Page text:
Debunkering represents a significant waste of time and money for a shipping company. File Image / Pixabay
At the IBIA Annual Convention 2020 on Wednesday, one law firm suggested fear of port state control authorities (PSCs) may be causing ships to debunker fuel even in cases of minor infringement of the 0.50% sulfur limit for bunkers.
In one of the panels a maritime lawyer brought up a recent case in which their firm was involved, where a ship had bought some VLSFO in St Petersburg that was subsequently tested as having a sulfur content of 0.51-0.53%.
The standard used in bunker trades would treat this sulfur level as acceptable despite being slightly over the limit, but the authorities could still view it as non-compliant.
"What the owners did was to approach the flag state and tell them what the test results were," the lawyer said.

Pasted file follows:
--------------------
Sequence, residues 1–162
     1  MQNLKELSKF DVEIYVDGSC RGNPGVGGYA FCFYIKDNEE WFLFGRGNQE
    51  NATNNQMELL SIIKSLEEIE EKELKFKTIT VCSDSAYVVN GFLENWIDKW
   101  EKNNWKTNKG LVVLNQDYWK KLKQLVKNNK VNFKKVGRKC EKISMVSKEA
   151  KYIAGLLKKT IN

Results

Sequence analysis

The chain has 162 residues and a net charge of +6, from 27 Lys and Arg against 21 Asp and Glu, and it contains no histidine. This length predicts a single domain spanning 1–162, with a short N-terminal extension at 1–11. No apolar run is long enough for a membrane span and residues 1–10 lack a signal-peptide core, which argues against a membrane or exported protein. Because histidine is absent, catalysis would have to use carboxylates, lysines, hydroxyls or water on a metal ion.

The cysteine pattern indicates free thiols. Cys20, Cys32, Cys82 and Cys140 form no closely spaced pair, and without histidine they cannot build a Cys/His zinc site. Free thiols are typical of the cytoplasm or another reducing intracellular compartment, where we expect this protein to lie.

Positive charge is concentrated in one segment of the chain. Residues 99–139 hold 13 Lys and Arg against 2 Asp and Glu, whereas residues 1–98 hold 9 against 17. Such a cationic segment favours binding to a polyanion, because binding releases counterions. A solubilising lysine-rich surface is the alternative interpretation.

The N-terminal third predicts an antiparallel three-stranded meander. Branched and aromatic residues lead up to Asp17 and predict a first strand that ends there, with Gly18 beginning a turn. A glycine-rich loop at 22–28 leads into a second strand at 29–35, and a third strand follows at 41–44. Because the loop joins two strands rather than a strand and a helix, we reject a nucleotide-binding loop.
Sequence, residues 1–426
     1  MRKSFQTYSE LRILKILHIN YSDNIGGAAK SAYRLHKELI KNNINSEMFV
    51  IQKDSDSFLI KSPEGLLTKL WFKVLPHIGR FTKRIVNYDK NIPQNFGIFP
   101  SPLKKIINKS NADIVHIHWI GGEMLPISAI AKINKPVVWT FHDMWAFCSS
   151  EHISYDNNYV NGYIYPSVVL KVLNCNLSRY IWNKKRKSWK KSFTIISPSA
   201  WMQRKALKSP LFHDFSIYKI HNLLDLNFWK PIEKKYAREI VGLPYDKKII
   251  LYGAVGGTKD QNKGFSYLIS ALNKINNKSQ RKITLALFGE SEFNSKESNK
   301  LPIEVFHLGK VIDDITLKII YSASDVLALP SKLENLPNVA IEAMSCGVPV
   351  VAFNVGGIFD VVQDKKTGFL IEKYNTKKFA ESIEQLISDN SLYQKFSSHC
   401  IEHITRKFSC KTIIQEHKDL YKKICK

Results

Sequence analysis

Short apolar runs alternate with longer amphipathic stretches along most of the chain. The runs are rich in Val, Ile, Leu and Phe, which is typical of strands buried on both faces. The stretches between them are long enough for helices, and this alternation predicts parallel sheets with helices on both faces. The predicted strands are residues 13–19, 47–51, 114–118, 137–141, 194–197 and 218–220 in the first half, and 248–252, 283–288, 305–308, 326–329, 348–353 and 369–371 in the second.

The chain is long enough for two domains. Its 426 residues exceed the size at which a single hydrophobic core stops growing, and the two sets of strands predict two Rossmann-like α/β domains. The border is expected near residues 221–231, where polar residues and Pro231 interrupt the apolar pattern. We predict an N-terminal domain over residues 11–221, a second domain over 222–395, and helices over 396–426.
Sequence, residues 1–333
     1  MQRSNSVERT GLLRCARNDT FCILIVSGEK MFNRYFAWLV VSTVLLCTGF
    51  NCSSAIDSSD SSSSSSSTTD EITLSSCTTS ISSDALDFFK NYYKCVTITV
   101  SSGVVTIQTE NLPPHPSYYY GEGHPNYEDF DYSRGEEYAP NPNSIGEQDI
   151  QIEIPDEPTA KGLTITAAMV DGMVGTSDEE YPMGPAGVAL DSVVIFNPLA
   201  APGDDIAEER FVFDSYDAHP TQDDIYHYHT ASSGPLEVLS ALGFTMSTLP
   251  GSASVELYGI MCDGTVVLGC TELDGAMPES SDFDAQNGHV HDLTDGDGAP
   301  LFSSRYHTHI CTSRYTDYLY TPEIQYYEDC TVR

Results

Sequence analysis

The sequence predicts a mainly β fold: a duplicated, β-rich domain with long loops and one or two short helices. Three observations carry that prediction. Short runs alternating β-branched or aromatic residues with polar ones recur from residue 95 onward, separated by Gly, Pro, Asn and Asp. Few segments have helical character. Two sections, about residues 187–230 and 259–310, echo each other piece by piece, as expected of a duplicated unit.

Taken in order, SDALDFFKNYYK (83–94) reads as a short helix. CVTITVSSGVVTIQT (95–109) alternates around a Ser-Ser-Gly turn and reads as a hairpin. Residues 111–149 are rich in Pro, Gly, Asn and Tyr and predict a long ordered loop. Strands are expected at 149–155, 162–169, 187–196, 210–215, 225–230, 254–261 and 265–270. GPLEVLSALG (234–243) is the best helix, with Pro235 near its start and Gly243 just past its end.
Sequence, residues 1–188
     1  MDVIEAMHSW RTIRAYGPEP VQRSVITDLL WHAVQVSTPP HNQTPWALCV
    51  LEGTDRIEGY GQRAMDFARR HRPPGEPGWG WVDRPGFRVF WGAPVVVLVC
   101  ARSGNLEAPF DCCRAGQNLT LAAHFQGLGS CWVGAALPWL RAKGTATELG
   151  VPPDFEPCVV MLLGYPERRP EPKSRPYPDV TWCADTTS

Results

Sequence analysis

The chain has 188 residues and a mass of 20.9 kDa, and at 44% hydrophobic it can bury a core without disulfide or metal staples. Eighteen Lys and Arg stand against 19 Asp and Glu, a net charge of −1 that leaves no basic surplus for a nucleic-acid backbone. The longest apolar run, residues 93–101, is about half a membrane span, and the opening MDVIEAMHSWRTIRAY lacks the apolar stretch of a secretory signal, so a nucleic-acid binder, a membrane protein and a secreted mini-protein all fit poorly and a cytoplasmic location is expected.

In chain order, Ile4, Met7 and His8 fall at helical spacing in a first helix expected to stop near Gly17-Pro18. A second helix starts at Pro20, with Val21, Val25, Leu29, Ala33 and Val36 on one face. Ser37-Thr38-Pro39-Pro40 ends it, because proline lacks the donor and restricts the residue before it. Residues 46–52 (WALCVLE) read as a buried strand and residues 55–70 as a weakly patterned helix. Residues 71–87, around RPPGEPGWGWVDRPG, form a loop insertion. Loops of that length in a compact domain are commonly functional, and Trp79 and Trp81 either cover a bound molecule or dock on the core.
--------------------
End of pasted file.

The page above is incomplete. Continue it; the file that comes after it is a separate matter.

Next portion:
"The flag state actually said, with this kind of excess, we have no comment -- do as you find practically reasonable, but be aware of the authorities at the port state."
Fear of PSCs
The ship's charterers were then planning to contact the authorities at their next port of call in Denmark to ask for guidance.
This is a lot of resources being wasted.
"But then the owner thought, well, we've got a lot of this fuel, and it will not only involve Denmark; there will be another port of call or maybe several afterwards," the lawyer said.
"Ultimately, irrespective of the fact that the flag state had said that they were okay with this fuel being consumed, they decided we're going to debunker it."
Debunkering is one of the worst outcomes for a ship with potentially non-compliant fuel on board, as the operation causes delays to their schedule as well as coming with a high cost of needing to find some more fuel at short notice.
"Just from a very basic, practical position this is a lot of resources being wasted, and I don't think the rules were designed to avoid this particular situation," the lawyer said.
"This was the type of situation where everybody involved was scared that they would eventually be liable for penalties.
"It ends up with a lot of discussions about a very small problem."